Offbeat Adventure

These Are the Strangest Laws in All 50 US States

Laws are usually passed for a reason. Too many car accidents? You probably need some traffic laws. Is a particular animal species dying out? Make it illegal to kill them. But because it's often easier to pass a law than it is to remove it, some obsolete laws simply stand as evidence that something bizarre and horrible must have happened once upon a time. After all, how else do you explain a rule against catching fish in your mouth? There has got to be an amazing backstory behind that. Here are the weirdest, most hilarious laws in all 50 U.S. states.

The 50 Weirdest Laws

Alabama: Going to church? Take off that ridiculous fake mustache if you do — unless, of course, you don't intend to cause laughter. In that case, it's all good.

Alaska: In Fairbanks, Alaska, it's illegal to serve alcohol to a moose. Which seems reasonable, but why did they have to make a law?

Arizona: Your donkey has to sleep somewhere, but it's not allowed in the bathtub. This dates back to a tub-sleeping donkey who was washed away in a flood in 1924 (he survived, but they passed the law anyway).

Arkansas: You'll need a permit to feed your garbage to any pigs you happen to meet out in the world. If they're your own pigs, go for it.

California: If your frog dies during a frog-jumping competition, you'll obviously be distraught. The good news is that it's illegal for any of your rivals to eat your late amphibian.

Colorado: A porch might look inviting, but don't put a couch out there. This law was put in place to prevent college students from lighting couch bonfires.

Connecticut: There's not technically a law stating that pickles must be able to bounce in Connecticut, but a high-profile case of pickle fraud in 1948 revealed that the Food and Drug commissioner used the bounce test to test fake pickles.

Delaware: Cat shavers beware: You will not be able to sell your ill-gotten fur in the state of Delaware.

Florida: Most places, a "Beware of Dog" sign is just a fair warning and a crime deterrent. But in Florida, you can hang a "Bad Dog" sign in your yard and be absolved of any responsibility for canine attacks.

Georgia: Sort of like those Floridian dogs, Georgian llamas have carte blanche to wreak as much havoc as they care to. With very few exceptions, anyone who "engages in a llama activity" forfeits any liability on the part of the llama owner for injuries they might sustain as a result.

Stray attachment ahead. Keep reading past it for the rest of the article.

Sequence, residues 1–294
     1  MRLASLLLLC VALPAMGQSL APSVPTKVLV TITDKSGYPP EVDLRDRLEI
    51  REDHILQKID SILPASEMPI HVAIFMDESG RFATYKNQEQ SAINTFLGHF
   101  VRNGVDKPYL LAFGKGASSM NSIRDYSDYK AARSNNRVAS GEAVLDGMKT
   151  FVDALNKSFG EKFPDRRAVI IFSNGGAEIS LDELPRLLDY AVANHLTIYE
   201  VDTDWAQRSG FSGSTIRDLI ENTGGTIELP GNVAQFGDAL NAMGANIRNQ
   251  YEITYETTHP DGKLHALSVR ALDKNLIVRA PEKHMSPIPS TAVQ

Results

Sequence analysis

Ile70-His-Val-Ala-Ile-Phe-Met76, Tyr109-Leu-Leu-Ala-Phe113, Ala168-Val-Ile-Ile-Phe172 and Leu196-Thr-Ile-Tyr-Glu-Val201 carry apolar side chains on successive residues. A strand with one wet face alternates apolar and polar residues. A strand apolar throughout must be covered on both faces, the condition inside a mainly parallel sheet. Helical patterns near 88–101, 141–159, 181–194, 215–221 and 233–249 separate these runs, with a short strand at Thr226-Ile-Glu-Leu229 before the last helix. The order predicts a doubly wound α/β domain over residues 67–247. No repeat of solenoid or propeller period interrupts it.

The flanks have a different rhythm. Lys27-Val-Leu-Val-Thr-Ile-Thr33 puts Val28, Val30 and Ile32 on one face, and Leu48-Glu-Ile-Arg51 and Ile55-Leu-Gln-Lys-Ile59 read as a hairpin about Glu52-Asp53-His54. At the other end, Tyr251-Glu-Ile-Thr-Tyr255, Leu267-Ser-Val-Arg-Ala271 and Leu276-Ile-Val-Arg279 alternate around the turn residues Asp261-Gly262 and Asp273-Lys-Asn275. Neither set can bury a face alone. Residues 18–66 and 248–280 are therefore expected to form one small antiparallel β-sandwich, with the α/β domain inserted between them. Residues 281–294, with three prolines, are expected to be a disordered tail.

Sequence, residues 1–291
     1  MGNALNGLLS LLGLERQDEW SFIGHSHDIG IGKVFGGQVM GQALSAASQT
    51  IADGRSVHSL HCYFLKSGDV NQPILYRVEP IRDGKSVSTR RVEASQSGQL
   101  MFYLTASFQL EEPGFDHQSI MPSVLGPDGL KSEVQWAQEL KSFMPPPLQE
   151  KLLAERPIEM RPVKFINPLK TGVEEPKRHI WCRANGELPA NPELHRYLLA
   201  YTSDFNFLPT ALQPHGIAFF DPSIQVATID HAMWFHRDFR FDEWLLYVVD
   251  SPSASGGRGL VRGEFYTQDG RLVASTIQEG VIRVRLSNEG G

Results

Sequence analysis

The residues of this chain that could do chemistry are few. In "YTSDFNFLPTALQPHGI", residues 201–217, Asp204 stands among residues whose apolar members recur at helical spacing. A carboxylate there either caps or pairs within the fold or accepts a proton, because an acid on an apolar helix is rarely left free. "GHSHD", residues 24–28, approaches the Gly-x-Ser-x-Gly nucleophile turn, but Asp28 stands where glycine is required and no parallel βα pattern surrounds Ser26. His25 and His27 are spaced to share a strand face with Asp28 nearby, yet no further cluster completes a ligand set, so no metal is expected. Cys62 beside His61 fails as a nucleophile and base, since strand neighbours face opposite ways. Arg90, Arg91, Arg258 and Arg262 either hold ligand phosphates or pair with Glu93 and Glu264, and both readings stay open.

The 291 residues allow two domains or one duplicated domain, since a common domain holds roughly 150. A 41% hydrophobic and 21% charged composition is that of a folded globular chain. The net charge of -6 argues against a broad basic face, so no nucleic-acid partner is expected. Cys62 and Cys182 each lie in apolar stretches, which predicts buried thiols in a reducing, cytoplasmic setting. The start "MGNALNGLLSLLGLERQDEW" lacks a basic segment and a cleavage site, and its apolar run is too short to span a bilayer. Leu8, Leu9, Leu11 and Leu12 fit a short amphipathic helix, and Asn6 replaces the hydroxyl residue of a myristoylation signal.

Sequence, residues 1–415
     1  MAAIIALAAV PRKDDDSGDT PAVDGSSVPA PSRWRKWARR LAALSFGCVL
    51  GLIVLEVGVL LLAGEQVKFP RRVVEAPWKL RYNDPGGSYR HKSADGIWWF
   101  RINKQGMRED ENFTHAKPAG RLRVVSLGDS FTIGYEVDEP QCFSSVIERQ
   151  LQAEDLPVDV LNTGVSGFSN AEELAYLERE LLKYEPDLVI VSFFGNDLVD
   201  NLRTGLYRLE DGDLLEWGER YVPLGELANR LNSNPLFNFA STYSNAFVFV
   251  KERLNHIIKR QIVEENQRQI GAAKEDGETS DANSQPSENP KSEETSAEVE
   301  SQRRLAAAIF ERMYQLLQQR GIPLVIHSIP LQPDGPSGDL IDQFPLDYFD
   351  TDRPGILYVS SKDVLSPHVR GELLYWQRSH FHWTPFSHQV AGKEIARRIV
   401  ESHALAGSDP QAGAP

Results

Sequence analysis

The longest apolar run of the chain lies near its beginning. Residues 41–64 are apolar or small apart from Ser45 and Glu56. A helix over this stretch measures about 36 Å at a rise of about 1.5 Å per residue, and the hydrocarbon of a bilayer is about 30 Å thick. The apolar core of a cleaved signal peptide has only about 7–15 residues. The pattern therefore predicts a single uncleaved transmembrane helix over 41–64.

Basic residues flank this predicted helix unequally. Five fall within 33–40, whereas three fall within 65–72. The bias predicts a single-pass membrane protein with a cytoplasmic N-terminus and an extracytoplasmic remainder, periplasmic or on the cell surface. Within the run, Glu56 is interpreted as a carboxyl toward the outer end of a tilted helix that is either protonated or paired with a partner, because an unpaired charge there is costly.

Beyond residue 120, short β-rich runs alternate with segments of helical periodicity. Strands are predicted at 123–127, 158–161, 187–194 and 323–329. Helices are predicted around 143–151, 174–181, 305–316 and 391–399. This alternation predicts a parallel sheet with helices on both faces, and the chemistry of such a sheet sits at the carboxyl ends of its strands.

Hawaii: It might be a little unusual, but we're going to come right out and say the Hawaiian laws against billboards are a pretty good idea. Nothing kills the tropical vibes like a gaudy advertisement.

Idaho: Again under the banner of laws we aren't sure they needed to put into writing, Idaho wants you to know in no uncertain terms that cannibalism is against the law, except "under extreme life-threatening conditions as the only apparent means of survival." Maybe it's weirder that this is the only state that does outlaw it.

Illinois: Illinois is (mostly) landlocked, but it still has a problem with excessive fish and amphibian ownership. No one may own more than $600 worth of aquatic creatures — that's about 75 salamanders, if you're curious.

Indiana: In French Lick Springs, Indiana, a 1939 ordinance decreed that all black cats must wear bells on any Friday the 13th. It isn't clear if the law is still on the books or not, but this might trump the time an Indiana man tried to legally redefine pi as 3.2.

Iowa: The pride of every Iowa State Fair is the one and only butter cow (and its attendant butter statues). So it's not surprising that they take butter fraud very seriously. If you're spreading margarine or oleo, you'd better not claim to have the real deal.

Kansas: Despite the fact that the law explicitly outlaws the throwing of snowballs, Topeka mayor Bill Bunten made international headlines in 2005 when he declared his intention to overthrow the ban in a hail of powdery projectiles.